'The device is, in short, a simple and obvious gadget of the type held unpatentable in Great Atlantic & Pac. Tea Co. v. Supermarket Equipment Corp., 340 U.S. 147, 71 S.Ct. 127, 95 L.Ed. 162, or Savoy Leather Mfg. Corp. v. Standard Brief Case Co., 2 Cir., 261 F.2d 136, or Surgitube Products Corp. v. Scholl Mfg. Co., 2 Cir., 262 F.2d 824; and it is clearly more obvious than the widely used and highly sucessful Zoomar lens held not novel in Zoomar, Inc. v. Paillard Products, 2 Cir., 258 F.2d 527, certiorari denied 358 U.S. 908, 79 S.Ct. 237, 3 L.Ed.2d 230.'


See also Yawman & Erbe Mfg. Co. v. Cole Steel Equip. Co., 277 F.2d 876 (2 Cir., 1960); Schreyer v. Casco Prods. Corp., 190 F.2d 921 (2 Cir., 1951), cert. denied, 342 U.S. 913, 72 S.Ct. 360, 96 L.Ed. 683 (1952).


In Wintermute v. Hermetic Seal Corp., 279 F.2d 60, 62 (3 Cir., 1960), the rule was restated:


'We do not mean that the plaintiff has not produced a useful article, and we have carefully sought to avoid confusing simplicity with hindsight. But it is not enough that the claimed discovery is useful, or even that it is an improvement. It must show an inventive advance, and must differ from elements previously known in such a way that the subject would not have been obvious to one skilled in the art. Given the particular problem and the need for its solution, a skilled mechanic could draw upon his knowledge of the art to create the housing here involved, or one substantially like it, without the exercise of inventive faculty.'


See also Robins Indus. Corp. v. David Riemer Co., 312 F.2d 889 (2 Cir., 1963).


Gross also argues that his product was a great commercial success, and the District Court indeed found that a company owned by Gross had received orders for 4,000,000 of the patented insulators, and that its failure to deliver more than a few hundred thousand was due to inability to obtain the wire components. We need not determine whether this history, culminating in the bankruptcy of the company, would constitute commercial success. For commercial success is neither a substitute for invention nor sufficient evidence of it where lack of invention is so plain as here. Titcomb v. Norton co., 307 F.2d 253, 256 (2 Cir., 1962). See Goodyear Tire & Rubber Co. v. Ray-O-Vac Co., 321 U.S. 275, 279, 64 S.Ct 593, 88 L.Ed. 721 (1944).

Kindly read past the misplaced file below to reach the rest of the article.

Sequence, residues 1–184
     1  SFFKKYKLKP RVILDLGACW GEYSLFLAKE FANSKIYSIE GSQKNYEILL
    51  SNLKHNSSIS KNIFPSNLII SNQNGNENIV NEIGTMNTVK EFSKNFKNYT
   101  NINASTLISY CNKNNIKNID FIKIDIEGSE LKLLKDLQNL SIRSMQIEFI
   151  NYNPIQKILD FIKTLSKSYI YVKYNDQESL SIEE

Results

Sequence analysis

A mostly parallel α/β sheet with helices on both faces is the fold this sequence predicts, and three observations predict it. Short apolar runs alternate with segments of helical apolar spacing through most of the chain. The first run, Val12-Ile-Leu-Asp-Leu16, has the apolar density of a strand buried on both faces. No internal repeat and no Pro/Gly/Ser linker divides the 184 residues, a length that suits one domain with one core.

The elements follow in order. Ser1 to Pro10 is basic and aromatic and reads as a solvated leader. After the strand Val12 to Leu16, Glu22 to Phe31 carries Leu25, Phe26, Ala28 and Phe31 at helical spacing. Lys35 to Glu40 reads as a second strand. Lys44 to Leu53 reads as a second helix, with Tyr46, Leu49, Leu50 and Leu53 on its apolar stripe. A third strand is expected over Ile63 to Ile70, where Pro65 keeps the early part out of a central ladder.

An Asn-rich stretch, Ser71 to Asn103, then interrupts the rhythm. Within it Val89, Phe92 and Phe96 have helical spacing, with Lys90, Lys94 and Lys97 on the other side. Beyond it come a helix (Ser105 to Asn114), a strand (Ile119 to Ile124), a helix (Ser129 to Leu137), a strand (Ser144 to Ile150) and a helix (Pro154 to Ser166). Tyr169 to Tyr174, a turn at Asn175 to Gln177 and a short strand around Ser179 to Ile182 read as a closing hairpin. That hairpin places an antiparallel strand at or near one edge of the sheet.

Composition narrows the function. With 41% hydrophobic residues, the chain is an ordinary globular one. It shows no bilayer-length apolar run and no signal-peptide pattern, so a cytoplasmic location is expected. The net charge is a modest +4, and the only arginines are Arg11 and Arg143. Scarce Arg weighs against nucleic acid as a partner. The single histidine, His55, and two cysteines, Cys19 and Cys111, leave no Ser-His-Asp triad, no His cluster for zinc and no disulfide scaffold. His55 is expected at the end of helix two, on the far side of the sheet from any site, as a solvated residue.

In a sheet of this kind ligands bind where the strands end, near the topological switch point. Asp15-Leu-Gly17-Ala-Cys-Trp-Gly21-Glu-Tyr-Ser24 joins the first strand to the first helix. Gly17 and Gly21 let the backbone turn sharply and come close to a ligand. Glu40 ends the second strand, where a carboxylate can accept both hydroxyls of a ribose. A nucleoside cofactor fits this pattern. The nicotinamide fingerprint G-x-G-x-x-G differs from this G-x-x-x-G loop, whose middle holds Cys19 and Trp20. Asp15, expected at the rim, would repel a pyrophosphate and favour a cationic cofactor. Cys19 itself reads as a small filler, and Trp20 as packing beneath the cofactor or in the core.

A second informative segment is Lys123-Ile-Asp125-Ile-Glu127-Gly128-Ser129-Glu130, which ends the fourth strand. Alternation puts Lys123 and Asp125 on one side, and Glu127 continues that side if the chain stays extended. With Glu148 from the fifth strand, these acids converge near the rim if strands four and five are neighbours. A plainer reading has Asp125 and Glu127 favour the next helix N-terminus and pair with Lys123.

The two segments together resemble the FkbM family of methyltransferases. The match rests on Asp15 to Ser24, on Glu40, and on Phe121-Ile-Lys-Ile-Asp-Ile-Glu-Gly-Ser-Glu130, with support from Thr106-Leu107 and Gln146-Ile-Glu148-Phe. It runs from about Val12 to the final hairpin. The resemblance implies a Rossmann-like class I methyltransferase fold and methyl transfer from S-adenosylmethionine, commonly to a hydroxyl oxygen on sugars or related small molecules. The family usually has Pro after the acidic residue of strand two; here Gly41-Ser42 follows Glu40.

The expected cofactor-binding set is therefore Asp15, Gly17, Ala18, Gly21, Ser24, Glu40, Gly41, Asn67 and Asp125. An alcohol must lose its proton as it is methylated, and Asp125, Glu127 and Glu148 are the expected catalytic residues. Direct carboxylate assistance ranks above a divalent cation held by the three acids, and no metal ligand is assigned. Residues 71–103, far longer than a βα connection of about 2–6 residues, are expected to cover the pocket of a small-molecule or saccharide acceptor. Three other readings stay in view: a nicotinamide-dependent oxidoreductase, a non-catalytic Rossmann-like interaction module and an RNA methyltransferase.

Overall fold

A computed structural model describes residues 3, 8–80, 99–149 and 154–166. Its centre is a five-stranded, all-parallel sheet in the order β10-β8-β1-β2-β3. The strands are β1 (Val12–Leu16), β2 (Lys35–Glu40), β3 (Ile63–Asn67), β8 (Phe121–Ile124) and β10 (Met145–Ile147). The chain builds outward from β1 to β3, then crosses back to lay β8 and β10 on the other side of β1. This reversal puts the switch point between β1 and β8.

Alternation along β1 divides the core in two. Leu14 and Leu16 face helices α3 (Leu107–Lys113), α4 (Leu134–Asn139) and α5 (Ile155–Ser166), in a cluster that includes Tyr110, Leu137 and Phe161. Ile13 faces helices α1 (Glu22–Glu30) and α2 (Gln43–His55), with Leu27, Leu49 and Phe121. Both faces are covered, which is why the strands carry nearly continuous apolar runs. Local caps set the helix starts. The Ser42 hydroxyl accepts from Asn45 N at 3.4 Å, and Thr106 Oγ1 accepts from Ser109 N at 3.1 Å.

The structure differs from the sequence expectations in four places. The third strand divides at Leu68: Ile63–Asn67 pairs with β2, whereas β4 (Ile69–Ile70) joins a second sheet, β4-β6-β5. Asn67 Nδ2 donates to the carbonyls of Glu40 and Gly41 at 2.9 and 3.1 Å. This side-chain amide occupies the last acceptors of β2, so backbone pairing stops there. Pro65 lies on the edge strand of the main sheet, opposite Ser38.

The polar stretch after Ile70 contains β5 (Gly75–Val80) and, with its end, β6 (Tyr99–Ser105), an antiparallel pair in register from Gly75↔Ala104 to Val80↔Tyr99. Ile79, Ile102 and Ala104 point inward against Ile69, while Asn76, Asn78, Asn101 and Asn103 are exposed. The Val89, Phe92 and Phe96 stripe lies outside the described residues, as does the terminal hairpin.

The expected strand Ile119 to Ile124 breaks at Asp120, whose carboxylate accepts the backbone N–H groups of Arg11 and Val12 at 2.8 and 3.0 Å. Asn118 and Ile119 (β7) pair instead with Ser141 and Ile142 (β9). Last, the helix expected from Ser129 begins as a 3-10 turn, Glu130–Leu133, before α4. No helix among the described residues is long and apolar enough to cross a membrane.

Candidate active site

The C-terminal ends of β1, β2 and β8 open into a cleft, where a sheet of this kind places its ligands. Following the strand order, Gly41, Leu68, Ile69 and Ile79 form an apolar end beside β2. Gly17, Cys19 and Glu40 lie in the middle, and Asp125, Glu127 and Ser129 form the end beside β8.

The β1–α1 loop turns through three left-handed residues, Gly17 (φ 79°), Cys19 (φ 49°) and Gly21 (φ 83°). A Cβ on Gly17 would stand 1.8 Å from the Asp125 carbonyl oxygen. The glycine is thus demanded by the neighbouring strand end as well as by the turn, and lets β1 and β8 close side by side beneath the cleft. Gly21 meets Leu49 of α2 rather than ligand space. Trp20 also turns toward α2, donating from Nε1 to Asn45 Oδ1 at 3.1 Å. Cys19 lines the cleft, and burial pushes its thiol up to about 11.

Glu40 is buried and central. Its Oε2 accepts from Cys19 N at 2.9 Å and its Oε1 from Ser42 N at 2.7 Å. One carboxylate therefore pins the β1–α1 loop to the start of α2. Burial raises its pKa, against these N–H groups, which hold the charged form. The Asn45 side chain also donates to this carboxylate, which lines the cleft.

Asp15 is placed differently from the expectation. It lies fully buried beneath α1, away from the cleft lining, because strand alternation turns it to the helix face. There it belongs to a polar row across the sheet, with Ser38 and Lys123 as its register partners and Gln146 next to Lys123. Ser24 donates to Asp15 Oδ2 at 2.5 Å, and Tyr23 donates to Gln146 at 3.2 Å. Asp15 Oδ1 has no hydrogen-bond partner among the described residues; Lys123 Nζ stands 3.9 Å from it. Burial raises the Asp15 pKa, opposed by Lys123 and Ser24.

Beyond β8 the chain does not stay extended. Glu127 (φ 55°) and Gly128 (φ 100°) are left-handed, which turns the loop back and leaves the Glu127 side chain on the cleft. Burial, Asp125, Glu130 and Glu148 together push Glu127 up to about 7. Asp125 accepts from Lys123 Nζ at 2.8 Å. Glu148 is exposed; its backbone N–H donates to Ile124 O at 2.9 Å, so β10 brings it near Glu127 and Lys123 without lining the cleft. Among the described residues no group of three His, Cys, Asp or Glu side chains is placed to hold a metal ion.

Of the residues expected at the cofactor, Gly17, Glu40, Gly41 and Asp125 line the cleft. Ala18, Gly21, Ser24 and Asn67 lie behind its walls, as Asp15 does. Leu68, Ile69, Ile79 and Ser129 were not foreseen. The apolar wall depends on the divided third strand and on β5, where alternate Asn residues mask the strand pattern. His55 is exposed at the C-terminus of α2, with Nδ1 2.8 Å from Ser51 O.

We conclude that the Gross patent fails to meet the recognized statutory standards for invention, that the patent is invalid, and that the order of the District Court must therefore be reversed.


'The finding of validity here is rested on the presumption and on rejection of the contention that 'obviousness' is self-evident. Obviousness has not been shown as a fact; indeed, other solutions preexisted or accompanied plaintiff's (Odegaard and Marth) and were different and, in the judgment of the trade, inferior. Obviousness in a legal sense, that is, judicially noticeable obviousness, subjectively arrived at, is not present: there is here only that patina of obviousness that correct solutions always have, no less in mechanics than in mathematics, and that arises from the subjective tendency to treat what is comprehended as being obvious.'


See 'The Standard of Patentability-- Judicial Interpretation of Section 103 of the Patent Act,' 63 Colum.L.Rev. 306 (1963)


'It is urged, however, that concurrence of two courts below, in holding the patent claims valid, concludes this Court. A recent restatement of the 'two-court rule' reads, 'A court of law, such as this Court is, rather than a court for correction of errors in fact finding, cannot undertake to review concurrent findings of fact by two courts below in the absence of a very obvious and exceptional showing of error.' Graver Tank (& Mfg.) Co. v. Linde Air Products Co., 336 U.S. 271, 275, (69 S.Ct. 535, 93 L.Ed. 672, 677.) The questions of general importance considered here are not contingent upon resolving conflicting testimony, for the facts are little in dispute. We set aside no finding of fact as to invention, for none has been made except as to the extension of the counter, which cannot stand as a matter of law. * * *' 340 U.S. at 153-154, 71 S.Ct. at 131